BlazersEdge: Who was your all-time favorite Blazer to cover?
Zach Randolph, believe it or not, was my favorite former Blazer, and people are always stunned to hear what an easy guy he usually was to deal with. I think people imagine this thug who was a complete prick. And in actuality, Zach could be pretty funny, easy going, and for the most part he handled tough questions well. He was one of the few guys on the team who would always take my calls when I dialed his cell. In fact, my favorite Zach story came last spring when he had the surgery on the torn ligament in his thumb.
The Blazers sent out a release about it, so I immediately called Zach hoping to get a comment from him. When he answered his phone, his speech was slurred and he wasn't very responsive to my questions. One thought shot through my head: "Oh great. This dude is stoned out of his mind and I've got him on the phone. How the hell should I handle this?" So I started asking about his hand and trying to figure out what exactly was going on -- did I catch him napping after surgery? Drunk? Stoned? -- when he suddenly asks me to hold on for a second. I hear some mumbling, and then Zach comes back on: "Hey Bri, can I call you back? They're about to start operating." The guy took my call doped up on his anesthesia as they were about to operate!
We had a good laugh over that a few days later, and when I think of Zach I always think of that story. But that's also what was so frustrating about covering Zach. One day you'd have an experience like that one, and you'd tell everyone about it and say, "See, Zach isn't a completely bad guy," and feel confident in saying it. Then the next day the Portland police would be investigating him for something, you'd feel like an idiot for telling anyone that he wasn't a completely bad guy, everyone would be looking at you like you're an idiot for having said he's not a completely bad guy, and you'd want to turn to Zach and scream, "Why the hell do you always have to act like an idiot!?!"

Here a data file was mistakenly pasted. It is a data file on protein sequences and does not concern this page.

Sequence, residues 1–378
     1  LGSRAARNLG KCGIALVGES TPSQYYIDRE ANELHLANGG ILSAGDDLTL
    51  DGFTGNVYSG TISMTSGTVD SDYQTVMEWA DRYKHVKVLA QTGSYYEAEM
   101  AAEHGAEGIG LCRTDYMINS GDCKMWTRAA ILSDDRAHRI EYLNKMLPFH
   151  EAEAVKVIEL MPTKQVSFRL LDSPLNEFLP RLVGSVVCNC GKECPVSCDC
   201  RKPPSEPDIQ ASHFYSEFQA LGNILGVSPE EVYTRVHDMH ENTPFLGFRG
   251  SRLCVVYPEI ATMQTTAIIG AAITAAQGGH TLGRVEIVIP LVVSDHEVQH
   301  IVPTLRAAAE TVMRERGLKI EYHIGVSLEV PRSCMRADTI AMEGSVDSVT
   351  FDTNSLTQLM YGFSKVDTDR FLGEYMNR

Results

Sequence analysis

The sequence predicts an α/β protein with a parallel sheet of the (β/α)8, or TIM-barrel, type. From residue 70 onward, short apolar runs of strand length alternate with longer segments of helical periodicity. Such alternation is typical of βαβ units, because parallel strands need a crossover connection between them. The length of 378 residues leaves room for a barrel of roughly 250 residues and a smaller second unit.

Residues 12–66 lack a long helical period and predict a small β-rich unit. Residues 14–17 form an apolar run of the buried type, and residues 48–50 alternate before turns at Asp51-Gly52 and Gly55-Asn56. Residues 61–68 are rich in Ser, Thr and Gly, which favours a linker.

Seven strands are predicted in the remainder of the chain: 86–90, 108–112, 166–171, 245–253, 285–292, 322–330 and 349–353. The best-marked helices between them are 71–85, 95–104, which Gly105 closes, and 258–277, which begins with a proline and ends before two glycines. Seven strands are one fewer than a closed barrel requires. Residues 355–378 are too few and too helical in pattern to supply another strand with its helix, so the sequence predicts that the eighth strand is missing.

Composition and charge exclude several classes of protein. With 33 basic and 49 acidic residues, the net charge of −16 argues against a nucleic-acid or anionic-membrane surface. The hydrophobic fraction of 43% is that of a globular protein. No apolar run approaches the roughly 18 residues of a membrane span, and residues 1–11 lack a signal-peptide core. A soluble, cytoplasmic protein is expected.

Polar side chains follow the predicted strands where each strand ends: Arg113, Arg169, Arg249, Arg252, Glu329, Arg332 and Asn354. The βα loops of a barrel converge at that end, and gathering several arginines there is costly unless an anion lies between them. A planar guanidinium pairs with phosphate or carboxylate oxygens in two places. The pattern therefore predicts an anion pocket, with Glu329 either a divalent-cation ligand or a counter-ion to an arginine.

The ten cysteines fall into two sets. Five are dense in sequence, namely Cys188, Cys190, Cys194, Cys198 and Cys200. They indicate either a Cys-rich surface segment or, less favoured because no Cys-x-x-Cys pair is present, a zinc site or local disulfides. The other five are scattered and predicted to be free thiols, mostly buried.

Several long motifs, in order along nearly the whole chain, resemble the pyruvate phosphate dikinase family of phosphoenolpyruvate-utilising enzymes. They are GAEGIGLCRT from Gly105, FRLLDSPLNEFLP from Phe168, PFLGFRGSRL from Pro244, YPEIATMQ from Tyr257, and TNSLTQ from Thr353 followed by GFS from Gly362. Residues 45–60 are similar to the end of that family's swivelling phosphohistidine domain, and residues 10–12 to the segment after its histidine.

BlazersEdge: Do you have a horror story of covering the team or the NBA in general?
Sorry for the buzz kill, but I don't really have a horror story that I can remember. I kind of feel left out when Jason Quick starts telling his multitude of tales -- which to be honest, I've heard few worse -- and I have nothing worthy to add to the pot. I have to say, I've been very lucky in my career. When I went to Wilmington I got there just in time for an era when UNCW won three conference titles while I covered them and upset Southern Cal in the NCAA tournament. I covered some great teams at Duke, North Carolina and N.C. State — including Carolina's 2005 national championship team — and they all had pleasurable players to be around. And then I got here in time for the Roy-Aldridge-Oden era. I always seem to start covering a team just when they're about to rise to the top and have good people to deal with. I wish I had that much luck in the lottery.
BlazersEdge: Everyone's talked about his favorite moment so far this season. What's your most underrated moment for the team this year?
You know, I think the Blazers' win over Atlanta back in January, when Brandon had that incredible final three minutes to rally them to the victory, was one of the most significant moments of the season. I understand that Travis' game-winner against Memphis was perhaps the most exciting, particularly since it started the win streak. And Brandon's block on Carmelo Anthony to seal their win over Denver is up there, too. But Brandon was absolutely incredible in those final minutes against the Hawks (and he did it with the flu, no less). The air ball he forced from Joe Johnson. The block he had on Josh Smith -- who is three inches taller. The shots he made to put the Blazers ahead. It was like watching Jordan close out a game. I remember standing in the back hallway at the Rose Garden and Jason Quick looked at me and said, "I don't know if I believe I just saw that." It was exactly what all of us were thinking. I've seen Brandon do some incredible things, but that was one of those moments where I sat back and said, "Nobody understands how freaking good this guy is going to be."